"There are some unnecessarily extra restrictions and discriminations against health workers. These people are … risking their own lives," Ban told a news conference in Vienna.
Without naming any country, Ban said that these "unnecessarily strong and strict restrictions" included "quarantine for health workers … not based on science and medical evidence".
"That is my honest and urgent opinion to the international community," he said, stressing however that people with Ebola symptoms "should be immediately treated and supported".
Experts say quarantining medical professionals who have shown no symptoms of the virus is counter-productive and could deter other workers from helping contain west Africa's Ebola crisis.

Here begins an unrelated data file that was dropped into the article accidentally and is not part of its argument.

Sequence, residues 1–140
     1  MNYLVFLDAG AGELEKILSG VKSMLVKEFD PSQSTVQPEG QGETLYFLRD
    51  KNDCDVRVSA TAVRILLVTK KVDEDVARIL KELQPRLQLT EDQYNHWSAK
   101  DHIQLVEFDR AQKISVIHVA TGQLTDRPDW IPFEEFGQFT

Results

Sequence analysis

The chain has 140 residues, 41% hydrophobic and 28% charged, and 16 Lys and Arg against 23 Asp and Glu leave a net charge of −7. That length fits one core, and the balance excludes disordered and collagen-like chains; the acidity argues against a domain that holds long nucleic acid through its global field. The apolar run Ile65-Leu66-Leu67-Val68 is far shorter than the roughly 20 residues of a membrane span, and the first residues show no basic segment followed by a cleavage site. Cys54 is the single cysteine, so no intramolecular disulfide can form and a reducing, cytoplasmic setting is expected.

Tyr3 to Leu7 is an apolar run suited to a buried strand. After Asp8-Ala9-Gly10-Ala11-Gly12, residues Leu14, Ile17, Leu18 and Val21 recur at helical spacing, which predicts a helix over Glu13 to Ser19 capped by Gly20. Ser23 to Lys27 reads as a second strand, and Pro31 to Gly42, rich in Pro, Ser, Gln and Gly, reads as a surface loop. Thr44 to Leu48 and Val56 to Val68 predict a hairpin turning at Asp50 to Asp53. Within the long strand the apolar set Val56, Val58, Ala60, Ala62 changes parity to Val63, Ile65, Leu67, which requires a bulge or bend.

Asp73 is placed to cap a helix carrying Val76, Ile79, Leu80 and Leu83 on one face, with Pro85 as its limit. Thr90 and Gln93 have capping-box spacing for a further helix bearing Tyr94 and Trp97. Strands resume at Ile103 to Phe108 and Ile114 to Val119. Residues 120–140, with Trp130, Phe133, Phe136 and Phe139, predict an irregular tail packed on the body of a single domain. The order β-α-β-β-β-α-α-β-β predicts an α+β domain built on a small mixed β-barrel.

In a case which attracted international criticism, New Jersey Governor Chris Christie kept a nurse in an isolation tent for three days after she flew back from Sierra Leone.
Meanwhile Canada and Australia controversially announced last week that they were suspending visa applications from Ebola-hit west African nations.
Almost 5,000 people have been killed by Ebola, according to the World Health Organization, which has recorded more than 13,000 cases but admits the real number of could be could be much higher.
Ban was speaking at a UN conference of developing landlocked countries in the Austrian capital.